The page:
Fiction | On His Own Ground by Vis Nathan

  First published in the December 1976/January 1977 of The London Magazine (Volume 16, No.5) Gopal entered his cubby-hole surrounded by huge racks bulging with musty...

Fiction | Just for Five Minutes by Alla Melenteva

It was an early May day. The war was considered over, though it had not yet been officially declared. A Russian junior lieutenant went...

Fiction | The Word Necklace by Suzannah V. Evans

The word necklace was intricate, beautiful. When she put it on it felt light, beautiful, as if she were wearing coral, or air. The word...

Fiction | A Third Presence by Nadine Gordimer

When Rose and Naomi, daughters of poor Rasovsky the tailor, left school in the same year there was no discussion about what they should...

Fiction | Alone with the Tide by John Saul

At last. Dismissing all fiction, I come clean. The figure coming into focus, in that smart black and grey coat, unbuttoned, collar up, is...

Fiction | Quiet Mountain by Sally Jubb

They got on at Vico Equense. The carriage was almost full, but the two of them managed to squeeze into a seat diagonally opposite,...

Fiction | The Old Men Who Row Boats by David Joseph

In Madrid, not far from the great museums that line the streets, old men row boats in the morning hours at Retiro Park. These...

Fiction | About You by Marjorie Main

Early on a Saturday morning in October I met Vivian at Liverpool Street Station. Stevie had a painting in an exhibition opening that night,...

Fiction | Beloved by Roger Raynal

  That morning, when Ryoji woke up, fired from sleep by a strident, but usual sound, he refrained from opening his eyes. He wanted to...

Fiction | We Walk to Dissect by Laura Davis

There are bulls everywhere, a mass of black parading around the fence. The grass is yellower where their feet trample, the farmland is a...

Fiction | The Sinners’ Corner by Mark Sadler

I returned to work on a dismal Tuesday morning, emerging from the main entrance of London, Fenchurch Street, railway station under opaque grey skies....

Fiction | Sylvia Plath Watches Us Sleep, But We Don’t Mind...

Sylvia Plath Watched Us Sleep, But We Don't Mind was the third prize winner in our Short Story Competition 2017. We’ve been married three years...

Fiction | Mr. Cahill by William Roberts

  The little party wandered slowly along the rows of the hillside garden, pausing in the warm afternoon Northern California sun to examine one vegetable...

Fiction | Asma by Dur e Aziz Amna

Dur e Aziz Amna received second prize in our Short Story Competition 2017.  The year Asma moved in with us, we were living in a two-family...

Fiction | Crete by Cameron Stewart

‘So. What do we want today?’ I’m sitting in my local barbers chair, caped up like a clown - my head bulging through the top...

Fiction | The Arrangement by Jennifer Johnson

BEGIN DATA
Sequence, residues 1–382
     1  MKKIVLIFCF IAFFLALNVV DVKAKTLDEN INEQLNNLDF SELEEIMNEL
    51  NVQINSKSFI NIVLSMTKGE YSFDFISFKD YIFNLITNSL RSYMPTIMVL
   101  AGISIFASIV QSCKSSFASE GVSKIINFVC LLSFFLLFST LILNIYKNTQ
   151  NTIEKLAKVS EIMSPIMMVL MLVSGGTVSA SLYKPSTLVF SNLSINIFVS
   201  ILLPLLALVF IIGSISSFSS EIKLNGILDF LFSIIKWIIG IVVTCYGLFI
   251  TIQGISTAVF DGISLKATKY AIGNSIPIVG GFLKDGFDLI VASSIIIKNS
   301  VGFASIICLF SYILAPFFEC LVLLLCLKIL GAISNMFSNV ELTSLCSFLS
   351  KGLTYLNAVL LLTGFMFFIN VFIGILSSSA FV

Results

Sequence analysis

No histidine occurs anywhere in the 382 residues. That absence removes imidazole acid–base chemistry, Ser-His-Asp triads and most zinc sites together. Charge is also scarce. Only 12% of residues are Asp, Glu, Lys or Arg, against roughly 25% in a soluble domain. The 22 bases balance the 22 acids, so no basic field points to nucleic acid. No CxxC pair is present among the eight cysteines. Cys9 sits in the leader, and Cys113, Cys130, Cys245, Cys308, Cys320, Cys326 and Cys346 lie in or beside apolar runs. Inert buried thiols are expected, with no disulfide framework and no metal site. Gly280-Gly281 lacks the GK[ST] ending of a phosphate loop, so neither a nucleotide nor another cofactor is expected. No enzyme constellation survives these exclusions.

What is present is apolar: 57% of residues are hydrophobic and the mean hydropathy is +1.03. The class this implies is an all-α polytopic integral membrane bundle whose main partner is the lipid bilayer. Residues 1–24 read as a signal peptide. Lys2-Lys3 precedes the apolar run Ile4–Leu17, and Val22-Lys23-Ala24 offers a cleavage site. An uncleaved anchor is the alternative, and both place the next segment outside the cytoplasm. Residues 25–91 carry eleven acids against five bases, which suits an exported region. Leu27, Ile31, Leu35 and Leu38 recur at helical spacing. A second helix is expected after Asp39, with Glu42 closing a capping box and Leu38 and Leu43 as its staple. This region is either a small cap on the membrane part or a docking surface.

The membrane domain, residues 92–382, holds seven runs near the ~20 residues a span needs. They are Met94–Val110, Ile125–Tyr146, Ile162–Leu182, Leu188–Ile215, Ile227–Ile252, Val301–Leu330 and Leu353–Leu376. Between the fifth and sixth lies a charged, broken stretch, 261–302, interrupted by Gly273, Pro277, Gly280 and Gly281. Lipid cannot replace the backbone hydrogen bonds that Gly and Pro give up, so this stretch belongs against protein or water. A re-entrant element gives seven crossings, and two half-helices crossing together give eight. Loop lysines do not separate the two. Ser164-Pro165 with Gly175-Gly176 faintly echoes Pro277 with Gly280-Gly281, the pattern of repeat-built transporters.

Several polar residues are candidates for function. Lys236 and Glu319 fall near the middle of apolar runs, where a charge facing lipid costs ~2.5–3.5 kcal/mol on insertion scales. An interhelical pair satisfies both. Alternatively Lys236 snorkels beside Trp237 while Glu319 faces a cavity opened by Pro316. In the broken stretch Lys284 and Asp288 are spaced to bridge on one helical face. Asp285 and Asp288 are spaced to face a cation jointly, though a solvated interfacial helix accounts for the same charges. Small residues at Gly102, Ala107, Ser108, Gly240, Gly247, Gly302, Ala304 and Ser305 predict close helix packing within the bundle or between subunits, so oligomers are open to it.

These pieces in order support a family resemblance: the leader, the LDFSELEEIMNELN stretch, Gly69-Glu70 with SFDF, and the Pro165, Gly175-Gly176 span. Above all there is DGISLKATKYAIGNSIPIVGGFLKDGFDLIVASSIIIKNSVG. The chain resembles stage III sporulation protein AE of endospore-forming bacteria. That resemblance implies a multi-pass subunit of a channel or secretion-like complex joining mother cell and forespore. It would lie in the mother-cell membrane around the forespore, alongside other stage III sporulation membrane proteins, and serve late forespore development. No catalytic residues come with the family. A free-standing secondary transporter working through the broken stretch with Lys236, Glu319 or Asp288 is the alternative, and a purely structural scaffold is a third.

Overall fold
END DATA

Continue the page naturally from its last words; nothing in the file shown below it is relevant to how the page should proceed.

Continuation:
There’s someone in the kitchen. I hear the kettle being filled. I look at the clock, it’s not yet seven, he’s up early. He...

Fiction | The Golden Eel by Neil Burns

It had been twenty years since they last met. Thirty eight year old Eoghan O’Dullach was nervous inside; and in his brain he was...

Fiction | The Root of it All by Charlotte Newman

  Pavements slick from rain and a market at night, risen dripping from the oily roads like a brand new continent. Brunch alongside nails alongside...

Fiction | An Actor in the Wings: Notes (1980 – 2009)...

Charles I could see him from beside the door. He was surrounded by men in suits, pointing at the ceiling, looking at their drinks or...

Fiction | Diasporic Guilt by Mohamed Keshavjee

‘Shoeshine, sir?’ asked the young lad with a shoeshine box in his hand, as I peered into the window of a shop in New...

The e-Shadow by Rhys Timson

It was three weeks into Kurt’s big adventure that his digital self was stolen. Before that, everything had been going to plan. He’d been...

Fascicle 41 by Anna McGrail

Winner of The London Magazine Short Story Competition 2015. Sometime between 1858 and 1864, Emily Dickinson embarked upon her self-publishing career. She copied out in...

The Rain Horse by Ted Hughes

 As the young man came over the hill the first thin blowing of rain met him. He turned his coat-collar up and stood on...

The Rat by Hannah Lowe

The landlady watches herself in the living room mirror, phone held to her ear. In the blurred morning light her face looks young again,...

DON'T MISS OUT

The latest content, freebies, news and competition updates, right to your inbox.

You can change your mind at any time by clicking the unsubscribe link in the footer of any email you receive from us, or by contacting us at info@thelondonmagazine.org. Find our privacy policies and terms of use here, or at the bottom of all pages of the website.